Isolated in the mountains of the Mae Rim district in Chiang Mai, Thailand, this holiday cabin by Thai architecture studio Sher Maker is confident in its vernacular form. Restrained in the inclusions, the cabin features a bedroom on the upper floor, with a living space, kitchen, and open-air deck on the lower floor.
A simple wood and steel structure, the cabin is clad in timber offcuts with windows on only one side facing the mountains. The architects explain that the strong rectilinear form is a reference to buildings commonly seen in northern Thailand.
The external wall cladding is made from different types of timber sourced locally in Chiang Mai. Using the Japanese charcoal technique of shou sugi ban, old and repurposed timber is intermingled with new, and each charred and assembled by hand.
Designed as a place to escape without being ostentatious, the addition of an outdoor bathtub offers just the right balance of essential luxury. Set on the corner of the open-air verandah, the semi-sunken timber tub invites guests to soak under the stars.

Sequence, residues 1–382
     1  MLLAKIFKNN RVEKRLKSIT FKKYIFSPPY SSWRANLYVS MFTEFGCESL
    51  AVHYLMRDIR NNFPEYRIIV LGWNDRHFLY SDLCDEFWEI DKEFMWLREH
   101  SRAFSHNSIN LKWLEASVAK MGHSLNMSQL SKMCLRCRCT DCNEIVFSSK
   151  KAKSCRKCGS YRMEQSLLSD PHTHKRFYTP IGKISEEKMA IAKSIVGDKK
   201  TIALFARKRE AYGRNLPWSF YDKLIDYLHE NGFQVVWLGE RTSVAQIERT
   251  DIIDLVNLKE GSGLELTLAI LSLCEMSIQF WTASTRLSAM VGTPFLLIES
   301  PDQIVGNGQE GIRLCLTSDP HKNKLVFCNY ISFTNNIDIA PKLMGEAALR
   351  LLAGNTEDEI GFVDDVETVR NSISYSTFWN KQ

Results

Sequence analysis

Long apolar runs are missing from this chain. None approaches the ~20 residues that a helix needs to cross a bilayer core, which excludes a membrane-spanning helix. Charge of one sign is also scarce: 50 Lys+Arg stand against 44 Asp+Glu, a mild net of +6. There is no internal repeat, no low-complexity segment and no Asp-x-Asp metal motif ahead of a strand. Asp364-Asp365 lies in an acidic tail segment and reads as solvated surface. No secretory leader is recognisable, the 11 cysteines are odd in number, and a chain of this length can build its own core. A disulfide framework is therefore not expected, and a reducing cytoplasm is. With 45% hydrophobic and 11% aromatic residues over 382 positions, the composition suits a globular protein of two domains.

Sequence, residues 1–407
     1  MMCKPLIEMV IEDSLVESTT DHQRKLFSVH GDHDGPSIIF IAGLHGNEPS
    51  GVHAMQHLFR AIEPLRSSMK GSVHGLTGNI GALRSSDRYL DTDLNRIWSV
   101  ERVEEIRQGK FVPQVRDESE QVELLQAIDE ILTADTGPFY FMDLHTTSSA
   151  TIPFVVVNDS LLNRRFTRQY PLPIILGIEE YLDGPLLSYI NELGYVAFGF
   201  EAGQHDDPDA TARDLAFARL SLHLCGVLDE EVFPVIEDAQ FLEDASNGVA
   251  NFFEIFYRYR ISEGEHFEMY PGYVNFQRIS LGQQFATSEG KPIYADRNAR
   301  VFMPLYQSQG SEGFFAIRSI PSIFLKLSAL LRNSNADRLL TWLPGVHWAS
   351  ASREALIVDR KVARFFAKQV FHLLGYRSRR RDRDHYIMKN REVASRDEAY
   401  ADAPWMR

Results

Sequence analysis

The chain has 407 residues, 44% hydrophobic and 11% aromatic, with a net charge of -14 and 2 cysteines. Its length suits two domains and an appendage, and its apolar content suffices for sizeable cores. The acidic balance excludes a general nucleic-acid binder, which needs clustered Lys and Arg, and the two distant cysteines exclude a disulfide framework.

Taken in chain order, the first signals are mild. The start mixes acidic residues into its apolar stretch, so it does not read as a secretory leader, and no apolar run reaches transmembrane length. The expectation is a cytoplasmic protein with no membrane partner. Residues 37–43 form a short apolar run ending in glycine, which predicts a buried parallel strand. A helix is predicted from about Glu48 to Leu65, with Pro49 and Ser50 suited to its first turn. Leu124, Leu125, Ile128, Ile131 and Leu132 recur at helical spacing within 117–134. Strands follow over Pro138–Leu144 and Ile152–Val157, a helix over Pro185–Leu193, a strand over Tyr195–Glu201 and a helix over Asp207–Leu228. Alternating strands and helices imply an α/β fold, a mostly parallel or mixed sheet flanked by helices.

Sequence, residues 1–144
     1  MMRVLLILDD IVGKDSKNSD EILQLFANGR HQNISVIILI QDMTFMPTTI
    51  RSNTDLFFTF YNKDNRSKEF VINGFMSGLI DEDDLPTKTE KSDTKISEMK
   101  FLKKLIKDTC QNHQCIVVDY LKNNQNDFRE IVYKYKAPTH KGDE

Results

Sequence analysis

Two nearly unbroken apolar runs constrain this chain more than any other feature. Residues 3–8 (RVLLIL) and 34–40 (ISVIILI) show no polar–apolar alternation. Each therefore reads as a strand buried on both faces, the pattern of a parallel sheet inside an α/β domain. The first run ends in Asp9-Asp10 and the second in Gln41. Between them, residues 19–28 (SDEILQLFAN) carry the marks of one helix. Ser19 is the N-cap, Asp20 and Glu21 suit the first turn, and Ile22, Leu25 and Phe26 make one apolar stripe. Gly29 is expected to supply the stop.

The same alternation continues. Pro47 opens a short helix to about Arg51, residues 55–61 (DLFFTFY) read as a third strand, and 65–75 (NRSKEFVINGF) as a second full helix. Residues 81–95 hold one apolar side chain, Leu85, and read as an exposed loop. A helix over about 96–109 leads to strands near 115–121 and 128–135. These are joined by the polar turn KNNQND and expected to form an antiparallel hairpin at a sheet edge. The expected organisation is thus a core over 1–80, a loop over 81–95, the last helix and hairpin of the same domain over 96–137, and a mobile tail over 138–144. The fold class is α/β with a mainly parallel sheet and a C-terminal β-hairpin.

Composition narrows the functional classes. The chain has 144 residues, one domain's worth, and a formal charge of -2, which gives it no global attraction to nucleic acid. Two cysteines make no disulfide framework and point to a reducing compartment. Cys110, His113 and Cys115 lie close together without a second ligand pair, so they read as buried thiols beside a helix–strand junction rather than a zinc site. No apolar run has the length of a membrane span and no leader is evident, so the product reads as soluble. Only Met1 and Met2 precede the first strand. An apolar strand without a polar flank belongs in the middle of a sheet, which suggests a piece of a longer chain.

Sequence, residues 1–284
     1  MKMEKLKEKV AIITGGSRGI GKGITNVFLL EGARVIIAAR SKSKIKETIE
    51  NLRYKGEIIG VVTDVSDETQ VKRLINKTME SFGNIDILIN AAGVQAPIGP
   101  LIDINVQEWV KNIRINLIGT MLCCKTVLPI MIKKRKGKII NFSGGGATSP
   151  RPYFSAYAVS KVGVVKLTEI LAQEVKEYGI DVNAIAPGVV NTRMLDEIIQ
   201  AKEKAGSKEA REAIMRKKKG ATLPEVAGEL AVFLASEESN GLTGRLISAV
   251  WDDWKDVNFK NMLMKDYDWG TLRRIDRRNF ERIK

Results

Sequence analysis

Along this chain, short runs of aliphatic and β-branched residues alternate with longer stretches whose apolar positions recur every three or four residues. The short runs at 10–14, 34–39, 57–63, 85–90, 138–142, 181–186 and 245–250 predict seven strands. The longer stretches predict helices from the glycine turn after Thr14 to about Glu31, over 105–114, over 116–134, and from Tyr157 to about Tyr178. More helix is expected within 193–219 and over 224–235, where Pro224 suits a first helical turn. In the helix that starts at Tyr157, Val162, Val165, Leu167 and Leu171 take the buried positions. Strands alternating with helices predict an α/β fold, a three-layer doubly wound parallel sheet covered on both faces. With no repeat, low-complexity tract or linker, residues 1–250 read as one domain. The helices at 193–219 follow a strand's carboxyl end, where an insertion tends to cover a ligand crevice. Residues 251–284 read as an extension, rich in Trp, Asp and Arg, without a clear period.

Exposed to all the elements as it juts out into the forest, the bath allows for a full immersion into nature – connecting water and natural materials to incite relaxation.
Rudimental and raw, the Wood and Mountain Cabin is defined by its modesty and encapsulates the driving philosophy of Sher Maker. As a studio, Sher Maker is motivated to explore process and different building methods where hand-made and artisanal skills are foregrounded.
Wood and Mountain Cabin seeks to understand timber, leaving the burns and imperfections as a symbol of the human hands that helped construct it. The outdoor bathtub is an elemental expression of the same line of thinking – creating a place to unwind in one of the most basic human ways.
Architecture and construction – Sher Maker
Photography – Rungkit Charoenwat
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